Bambili- Cameroon: 14year Old Kewoh Cynthia Makes Outstanding Move Towards Giant Water Project

She is a Form II student of the Cameroon College of Arts, Science and Technology, CCAST Bambili in Mezam Division of the North West Region. She was born into a peasant family some 14 years ago. Growing up, she discovered one of her obligatory household chores was to fetch water for cooking, bathing and drinking.

Originally, it was an exciting exercise for young Kewoh Cynthia Faith as it gave her opportunity to commune with other children in the neighbourhood too and fro the water source. With population pressure, drought and uncertain climatic conditions, Cynthia Faith realized the original water source nearby was drying off and she would need to walk longer distances to fetch water for her personal and family use.

Living on less than $1 a day, Cynthia Faith's family could not afford the expensive cost of connecting water to their home from the National Water utility Cooperation, SNEC, whose capacity was intended to service a Bambili community of less than 15000 inhabitants following the 2015 census.

Today, a fast growing University community with over 19000 student population and with Bambili town's population now estimated at 29000 inhabitants, the issue of having an additional and sustainable water supply source is more acute, and has been a permanent preoccupation of young Cynthia Faith, who goes late to school most days of the week, as she would spend time trekking to fetch water for bathing, cooking, and drinking for the family.

Cynthia Faith is not alone. Most children, especially girls in the Bambili community and by extension, other communities in Cameroon walk an average of 3.7 miles a day in search of clean water sources. This is time that could have been spent revising notes, doing homework, going to school, caring for family members or generating income. The situation is more pathetic in the two English Speaking Regions of Cameroon as children could be cut down by a bullet to and fro fetching water.

This has been a worrisome situation for Cynthia Faith who lost the father some time ago and today has to assist the mother at home before going to school or after school each day for the family to make ends meet.

When the Bambili Cultural and Development Association under the determined leadership of Eric Adangfung who doubles as Director General of the Upper Noun Valley Development Authority, UNVDA, announced a fundraiser for a giant water project harnessed from Lake Bambili capable of supplying water to all the homes in the community at an affordable cost, little Cynthia Faith decided to begin saving her lunch money in school for the water project.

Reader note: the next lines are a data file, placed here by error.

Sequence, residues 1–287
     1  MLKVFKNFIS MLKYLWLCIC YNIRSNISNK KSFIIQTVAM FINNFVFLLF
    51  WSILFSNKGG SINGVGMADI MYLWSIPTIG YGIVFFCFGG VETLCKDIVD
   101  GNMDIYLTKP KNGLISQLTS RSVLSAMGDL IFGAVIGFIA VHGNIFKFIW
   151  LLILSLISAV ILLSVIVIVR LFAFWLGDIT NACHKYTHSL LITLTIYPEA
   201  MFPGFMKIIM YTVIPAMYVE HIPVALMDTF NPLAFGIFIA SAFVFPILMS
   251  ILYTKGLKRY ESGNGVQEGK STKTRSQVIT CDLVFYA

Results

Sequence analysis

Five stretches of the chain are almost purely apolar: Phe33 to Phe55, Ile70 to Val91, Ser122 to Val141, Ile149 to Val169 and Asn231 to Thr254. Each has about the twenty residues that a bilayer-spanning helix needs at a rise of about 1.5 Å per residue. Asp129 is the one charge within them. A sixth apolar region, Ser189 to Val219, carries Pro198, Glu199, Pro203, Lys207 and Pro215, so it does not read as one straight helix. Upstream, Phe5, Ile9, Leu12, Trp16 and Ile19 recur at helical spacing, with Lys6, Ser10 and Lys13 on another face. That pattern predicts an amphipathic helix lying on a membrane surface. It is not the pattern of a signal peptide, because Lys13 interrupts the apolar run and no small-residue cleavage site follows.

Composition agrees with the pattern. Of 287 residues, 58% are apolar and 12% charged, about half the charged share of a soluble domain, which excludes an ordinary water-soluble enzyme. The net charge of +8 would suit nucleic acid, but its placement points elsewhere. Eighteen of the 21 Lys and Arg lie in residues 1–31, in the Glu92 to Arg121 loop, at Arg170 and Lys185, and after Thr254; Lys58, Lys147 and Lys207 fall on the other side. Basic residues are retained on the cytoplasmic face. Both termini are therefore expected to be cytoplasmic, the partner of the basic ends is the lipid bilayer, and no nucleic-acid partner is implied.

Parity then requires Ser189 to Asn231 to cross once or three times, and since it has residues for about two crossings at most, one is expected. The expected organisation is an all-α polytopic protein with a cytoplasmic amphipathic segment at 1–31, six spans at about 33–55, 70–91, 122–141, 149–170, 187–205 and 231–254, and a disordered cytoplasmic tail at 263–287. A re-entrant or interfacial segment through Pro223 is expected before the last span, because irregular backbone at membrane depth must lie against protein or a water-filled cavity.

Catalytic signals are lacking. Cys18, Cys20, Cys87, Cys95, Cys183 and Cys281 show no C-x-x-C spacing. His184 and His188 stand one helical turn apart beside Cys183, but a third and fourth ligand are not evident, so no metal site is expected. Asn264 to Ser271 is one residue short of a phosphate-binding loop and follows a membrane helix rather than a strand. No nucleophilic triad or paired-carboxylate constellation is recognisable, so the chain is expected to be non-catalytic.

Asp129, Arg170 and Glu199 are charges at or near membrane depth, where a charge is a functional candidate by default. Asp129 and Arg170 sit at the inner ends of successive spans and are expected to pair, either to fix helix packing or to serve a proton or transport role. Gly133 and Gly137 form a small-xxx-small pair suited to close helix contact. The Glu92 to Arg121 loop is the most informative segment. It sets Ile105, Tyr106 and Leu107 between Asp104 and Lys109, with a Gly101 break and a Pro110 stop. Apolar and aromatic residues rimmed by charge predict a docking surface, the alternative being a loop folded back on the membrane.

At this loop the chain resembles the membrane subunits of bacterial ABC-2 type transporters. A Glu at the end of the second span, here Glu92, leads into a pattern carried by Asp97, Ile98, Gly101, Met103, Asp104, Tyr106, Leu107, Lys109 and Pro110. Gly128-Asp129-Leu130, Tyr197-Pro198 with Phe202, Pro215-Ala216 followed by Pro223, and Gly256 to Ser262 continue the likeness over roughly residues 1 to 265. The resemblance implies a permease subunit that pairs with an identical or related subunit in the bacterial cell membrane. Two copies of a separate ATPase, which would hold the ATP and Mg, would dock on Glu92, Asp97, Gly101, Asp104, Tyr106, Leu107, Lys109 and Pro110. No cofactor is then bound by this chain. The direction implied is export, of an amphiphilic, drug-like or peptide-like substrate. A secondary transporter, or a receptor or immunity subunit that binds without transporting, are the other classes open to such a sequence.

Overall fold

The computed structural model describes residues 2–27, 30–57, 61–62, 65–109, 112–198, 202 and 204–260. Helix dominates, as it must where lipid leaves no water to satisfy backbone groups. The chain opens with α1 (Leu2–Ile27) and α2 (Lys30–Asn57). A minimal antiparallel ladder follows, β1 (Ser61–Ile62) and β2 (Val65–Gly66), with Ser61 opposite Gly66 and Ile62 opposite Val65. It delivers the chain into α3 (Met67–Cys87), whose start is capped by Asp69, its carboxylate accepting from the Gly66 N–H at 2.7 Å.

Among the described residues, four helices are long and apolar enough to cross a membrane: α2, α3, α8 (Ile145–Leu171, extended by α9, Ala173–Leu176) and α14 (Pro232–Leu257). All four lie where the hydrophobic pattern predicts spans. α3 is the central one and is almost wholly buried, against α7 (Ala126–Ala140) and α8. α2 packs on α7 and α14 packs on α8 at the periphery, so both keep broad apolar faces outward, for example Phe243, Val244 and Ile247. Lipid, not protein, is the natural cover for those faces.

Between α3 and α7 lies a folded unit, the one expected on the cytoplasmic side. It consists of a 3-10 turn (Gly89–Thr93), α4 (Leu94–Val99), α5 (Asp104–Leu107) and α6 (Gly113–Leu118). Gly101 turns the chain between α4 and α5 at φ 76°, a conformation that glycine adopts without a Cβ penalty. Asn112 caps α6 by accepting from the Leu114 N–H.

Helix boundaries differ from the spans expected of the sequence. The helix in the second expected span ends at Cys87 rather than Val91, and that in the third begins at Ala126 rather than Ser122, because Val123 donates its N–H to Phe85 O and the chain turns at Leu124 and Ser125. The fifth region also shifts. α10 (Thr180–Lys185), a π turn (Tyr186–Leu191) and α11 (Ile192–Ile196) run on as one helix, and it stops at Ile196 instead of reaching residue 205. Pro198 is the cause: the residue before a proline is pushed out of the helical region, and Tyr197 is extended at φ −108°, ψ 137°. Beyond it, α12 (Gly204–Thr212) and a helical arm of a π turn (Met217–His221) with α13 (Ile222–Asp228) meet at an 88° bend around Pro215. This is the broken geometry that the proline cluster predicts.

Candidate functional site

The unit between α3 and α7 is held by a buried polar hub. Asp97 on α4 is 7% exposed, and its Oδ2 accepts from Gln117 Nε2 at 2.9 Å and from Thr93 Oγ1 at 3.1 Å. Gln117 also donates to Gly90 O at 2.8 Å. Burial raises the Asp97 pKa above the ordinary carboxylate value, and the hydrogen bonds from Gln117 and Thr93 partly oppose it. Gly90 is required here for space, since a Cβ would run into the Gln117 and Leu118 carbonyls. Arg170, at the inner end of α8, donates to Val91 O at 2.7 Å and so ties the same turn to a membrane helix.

For the weeks running up to last Saturday December 4, 2021, Cynthia starved herself in school to save for the water project.

With dried lips and a famine look on her face, Cynthia Faith left school last Saturday and rushed first to the event venue at the esplanade of the Bambili Fon's palace, to make sure her dream of contributing to the realization of the water project became a reality. With her school bag trapped to her back, she made her way straight to the makeshift fundraising secretariat to announce her widow's might.

To the amazement of all and sundry, Cynthia Faith's 500FCFA, an equivalent of $1, accumulated over the weeks prior to the fundraiser, was announced.

The announcement that turned into excitement mixed with sympathy caused many well-wishers to spontaneously launch a Special support fund towards Cynthia Faith scholarship, amounting to over 80000FCFA. With her 500, plus 10000 support, her water basket came up to 10500FCFA.

By the end of event, a total of 77 million out of the projected 600 million FCFA was raised, to the satisfaction of Cynthia Faith and many girls in the Bambili community, who would soon see problems of water a thing of the past, given that water is life.

It should be recalled that although water is a basic human need, every day, 2.1 billion people across the world still wake up each morning without access to clean, drinking water, 3.4 million people die each year from scarce and contaminated water sources. Millions of women and children spend 3-6 hours each day collecting water from distant and polluted sources. At any given time, half of the world's hospital beds are occupied by patients suffering from diseases associated with lack of access to clean water.

It is this situation that Cynthia Faith had to sacrifice her food money to avoid for her generation and generations to come.

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